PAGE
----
Directed by: Werner Herzog
I remember watching QVC as a child on Cable TV. Some heavily made up dame would be trying to sell a set of gardening shears. You couldn’t get these shears at your local Homebase or B&Q; these were top of the line product, a real bargain. Every item sold on QVC was top of the range, limited edition and a product you needed, if not your life was not complete. Nowadays whole channels are devoted not just to selling gardening tools and other apparently sought after ta’ but to whole lifestyle’s. Fitness fanatics and lazy lard arses are given an opportunity to buy a DVD box set that will transform them into cartoonish superhuman’s with pronounced abdominal muscles, this ‘Insanity’ workout will change their lives forever. The advert plays on a loop with glowing testimonies. Buy Buy Buy… all major credit cards are accepted.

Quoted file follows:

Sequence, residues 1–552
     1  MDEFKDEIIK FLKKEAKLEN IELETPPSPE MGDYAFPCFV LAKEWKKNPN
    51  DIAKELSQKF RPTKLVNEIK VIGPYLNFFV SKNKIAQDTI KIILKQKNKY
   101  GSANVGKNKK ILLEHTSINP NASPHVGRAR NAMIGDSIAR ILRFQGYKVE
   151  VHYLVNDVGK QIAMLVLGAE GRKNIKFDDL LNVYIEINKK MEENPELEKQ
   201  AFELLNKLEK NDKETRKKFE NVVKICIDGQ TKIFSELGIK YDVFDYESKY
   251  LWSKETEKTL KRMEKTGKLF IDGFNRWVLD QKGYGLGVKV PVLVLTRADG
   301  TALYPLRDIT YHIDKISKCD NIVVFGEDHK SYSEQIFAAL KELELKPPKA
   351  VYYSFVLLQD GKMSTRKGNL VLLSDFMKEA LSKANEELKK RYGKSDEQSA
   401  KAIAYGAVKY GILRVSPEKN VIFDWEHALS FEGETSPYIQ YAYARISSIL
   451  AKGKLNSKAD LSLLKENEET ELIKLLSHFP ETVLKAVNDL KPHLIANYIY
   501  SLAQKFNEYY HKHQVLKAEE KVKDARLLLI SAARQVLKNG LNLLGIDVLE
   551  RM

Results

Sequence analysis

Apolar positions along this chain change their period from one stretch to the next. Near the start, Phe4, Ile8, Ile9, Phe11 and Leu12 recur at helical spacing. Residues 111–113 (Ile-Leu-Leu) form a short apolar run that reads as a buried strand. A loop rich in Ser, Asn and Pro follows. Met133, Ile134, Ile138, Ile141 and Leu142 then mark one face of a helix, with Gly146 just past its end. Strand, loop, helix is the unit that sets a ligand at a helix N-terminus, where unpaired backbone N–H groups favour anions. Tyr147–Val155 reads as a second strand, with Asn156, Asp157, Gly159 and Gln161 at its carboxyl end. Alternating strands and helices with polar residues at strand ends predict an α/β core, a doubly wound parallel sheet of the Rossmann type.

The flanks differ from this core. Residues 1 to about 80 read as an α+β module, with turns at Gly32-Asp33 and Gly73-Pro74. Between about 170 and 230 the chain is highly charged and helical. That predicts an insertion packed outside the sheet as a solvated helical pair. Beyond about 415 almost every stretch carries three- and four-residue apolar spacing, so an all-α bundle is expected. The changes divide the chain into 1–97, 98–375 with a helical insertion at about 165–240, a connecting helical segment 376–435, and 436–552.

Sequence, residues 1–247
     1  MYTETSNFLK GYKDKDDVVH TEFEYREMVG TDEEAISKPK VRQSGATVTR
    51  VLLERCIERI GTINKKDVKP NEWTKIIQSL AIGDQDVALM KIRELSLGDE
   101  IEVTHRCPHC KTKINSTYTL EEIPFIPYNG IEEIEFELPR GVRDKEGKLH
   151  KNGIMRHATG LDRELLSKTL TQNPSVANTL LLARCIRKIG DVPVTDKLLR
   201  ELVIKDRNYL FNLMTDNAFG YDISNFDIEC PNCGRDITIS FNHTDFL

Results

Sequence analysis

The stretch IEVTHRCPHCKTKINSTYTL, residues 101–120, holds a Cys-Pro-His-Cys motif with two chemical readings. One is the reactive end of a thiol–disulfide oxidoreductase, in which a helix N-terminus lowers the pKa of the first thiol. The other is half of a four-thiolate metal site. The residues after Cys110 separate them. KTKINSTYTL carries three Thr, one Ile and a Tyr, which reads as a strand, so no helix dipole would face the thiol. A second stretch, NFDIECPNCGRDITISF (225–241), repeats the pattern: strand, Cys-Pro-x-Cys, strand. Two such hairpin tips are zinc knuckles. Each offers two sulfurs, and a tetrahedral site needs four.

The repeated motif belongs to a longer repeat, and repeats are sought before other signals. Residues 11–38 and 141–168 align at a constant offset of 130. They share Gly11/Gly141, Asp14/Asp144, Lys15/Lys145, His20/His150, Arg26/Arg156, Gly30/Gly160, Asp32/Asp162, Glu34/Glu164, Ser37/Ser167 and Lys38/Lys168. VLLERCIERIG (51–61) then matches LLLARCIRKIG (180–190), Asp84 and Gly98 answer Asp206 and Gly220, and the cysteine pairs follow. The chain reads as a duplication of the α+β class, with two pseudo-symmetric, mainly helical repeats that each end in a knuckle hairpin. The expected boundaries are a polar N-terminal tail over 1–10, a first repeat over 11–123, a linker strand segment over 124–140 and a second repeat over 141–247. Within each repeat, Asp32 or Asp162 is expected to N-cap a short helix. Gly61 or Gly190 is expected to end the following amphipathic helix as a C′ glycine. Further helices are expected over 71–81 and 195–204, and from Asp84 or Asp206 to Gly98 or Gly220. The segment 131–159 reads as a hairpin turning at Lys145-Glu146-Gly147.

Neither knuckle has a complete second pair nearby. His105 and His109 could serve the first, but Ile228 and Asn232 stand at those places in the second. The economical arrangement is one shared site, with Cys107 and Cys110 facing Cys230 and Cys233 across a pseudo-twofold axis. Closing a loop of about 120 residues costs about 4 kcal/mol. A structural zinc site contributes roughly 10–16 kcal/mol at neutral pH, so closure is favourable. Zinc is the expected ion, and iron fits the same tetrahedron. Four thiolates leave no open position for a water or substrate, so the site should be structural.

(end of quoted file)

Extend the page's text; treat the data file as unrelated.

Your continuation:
In America church ministers preach on television, back in the seventies and eighties they would demand that their sofa bound congregation would send in cheques and dollars or else they would go straight to hell. The gullible parted with their cash, fearing the wrath of God’s angry man. Gene Scott was a flawed, oddly charismatic holy man. He had a programme on the Faith Broadcasting Network, which was like a cross between ‘The David Letterman Show’ and a paranoid schizophrenic having a conversation with a mirror. When Scott talks he rambles bitterly, mostly at the non-believers and those who he felt were trying to shut him down.
Due to the length of this documentary which runs under forty five minutes, we are provided with a tantalizing glimpse of a troubled man, but Herzog is unable to get under the skin of his subject. That is a great shame, but back in those days Herzog was not aiming for a feature length piece.
Herzog’s runs the footage of Gene Scott as he attempted to drum up donations from his faithful viewers, including very brief snippets from Scott off set and hastily edited interviews with Scott’s parents. Scott’s show is bizarre to watch. Strange clean cut music acts sing songs about Jesus and then Scott rattles the charity box. At times Scott literally waits for the money to roll in, staying silent until he hears word from his production team that someone has parted with their cash.
This one’s up on YouTube, so take a gander,